A truly great movie.

95%

Vice – Movie Review

Christian Bale stars as Vice President Dick Cheney in a movie that manages to be genuinely funny, while still openly angry and dismayed at it’s main star.

The whole cast put in brilliant performances, with the central couple of Christian Bale and Amy Adams as Dick and Lynne Cheney being exceptional, alongside Sam Rockwell being perfect as George W Bush.

Vice is a very angry movie, (rightly so) but it funnels this anger at times through humour and light-heartedness, meaning some of the cuts between scenes almost give you whiplash; at one moment you’re laughing at witty text on the screen then suddenly you’re looking at graphic scenes of torture.

The way the story of Dick is told is very clever; I was gripped throughout – from his early alcohol troubled years all through his rise to become the most powerful Vice President in history, and it was very interesting and disheartening to see how he manipulated and took advantage of those around him to gain more power.

A must-see for anyone remotely interested in politics, and it might be even more important for those who aren’t.

85%

Spider-Man: Into the Spider-Verse Movie Review

‘Into The Spider-Verse’ is straight-up the best superhero movie I have seen in a long time; it’s a frantic, beautiful breath of fresh air.

The latest Marvel & Sony release is a fully animated affair that follows Miles Morales and his journey to become Spider-Man. However, it is immediately apparent that this is no ordinary origin story; this is by no means another movie you already feel you have seen time and time again.  This time, Spider-Man isn’t the only Spider-Person around to fight evil.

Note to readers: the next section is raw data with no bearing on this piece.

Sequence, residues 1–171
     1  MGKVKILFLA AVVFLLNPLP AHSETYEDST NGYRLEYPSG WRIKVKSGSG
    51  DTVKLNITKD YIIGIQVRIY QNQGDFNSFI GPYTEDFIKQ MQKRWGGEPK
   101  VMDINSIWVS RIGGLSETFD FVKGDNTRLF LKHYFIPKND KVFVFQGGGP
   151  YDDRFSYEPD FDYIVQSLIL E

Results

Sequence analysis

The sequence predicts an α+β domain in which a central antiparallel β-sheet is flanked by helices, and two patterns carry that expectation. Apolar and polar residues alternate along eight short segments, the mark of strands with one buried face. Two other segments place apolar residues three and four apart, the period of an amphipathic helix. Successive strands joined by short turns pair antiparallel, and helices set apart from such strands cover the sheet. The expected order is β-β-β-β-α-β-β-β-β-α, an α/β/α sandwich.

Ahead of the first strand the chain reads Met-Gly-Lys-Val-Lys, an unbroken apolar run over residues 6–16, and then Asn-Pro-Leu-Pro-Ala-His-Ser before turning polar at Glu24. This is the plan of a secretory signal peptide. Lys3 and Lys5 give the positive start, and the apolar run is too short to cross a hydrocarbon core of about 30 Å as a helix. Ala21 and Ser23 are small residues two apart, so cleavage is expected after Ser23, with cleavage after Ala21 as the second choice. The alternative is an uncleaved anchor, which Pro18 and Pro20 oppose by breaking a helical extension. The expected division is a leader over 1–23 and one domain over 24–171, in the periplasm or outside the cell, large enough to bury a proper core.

Big baldy Kingpin sets off a large collider under the city, which messes with the fabric of the universe, bringing together a wild and varied bunch of Spideys together. When these iterations such as Spider-Gwen and Peni Parker interact on-screen, the writing really shines alongside the great voice acting from the likes of Hailee Steinfeld, Nicolas Cage and John Mulaney. Shameik Moore is great throughout as Miles, and a perfect pick.

I learnt that this movie came from the team behind The Lego Movie & Lego Batman after I had watched it, and it made complete sense, with the way everyone interacts and the self-referential humour really mirroring that of the blocky worlds, and that’s not a bad thing at all.  The screening I was in had the whole cinema laughing out loud at parts.

Seeing Miles gradually transform into a fully fledged Spider-Man, and his chemistry with the other spiders especially Gwen and Peter is a real joy and the movie does a brilliant job of getting you invested in the characters and making them believable in the space of one film, with every person in Peter’s family and inner circle seeming really fleshed out.

The animation in Spider-Verse is astounding, with every single scene being filled with detail and eye-popping colour, but at the same time it is never overwhelming, which is no mean feat considering the sheer amount of content crammed into locations like Miles’ bedroom and New York City. The visual style really makes it feel like you are watching a comic book come to life, with snappy, precise shots that all really flow into one another, but it never really feels like you are watching an animated movie due to the depth of world building that has been put into this project. There are more than one properly breath-taking shots here. 

This isn’t just the best animated movie of the year, it’s one of the best outright. Into the Spider-Verse is charming, visually stunning, genuinely funny and emotionally gripping is not something I would expect from a movie starring John Mulaney as ‘Spider-Ham’, but they really manage it, in a stunning way. 

99%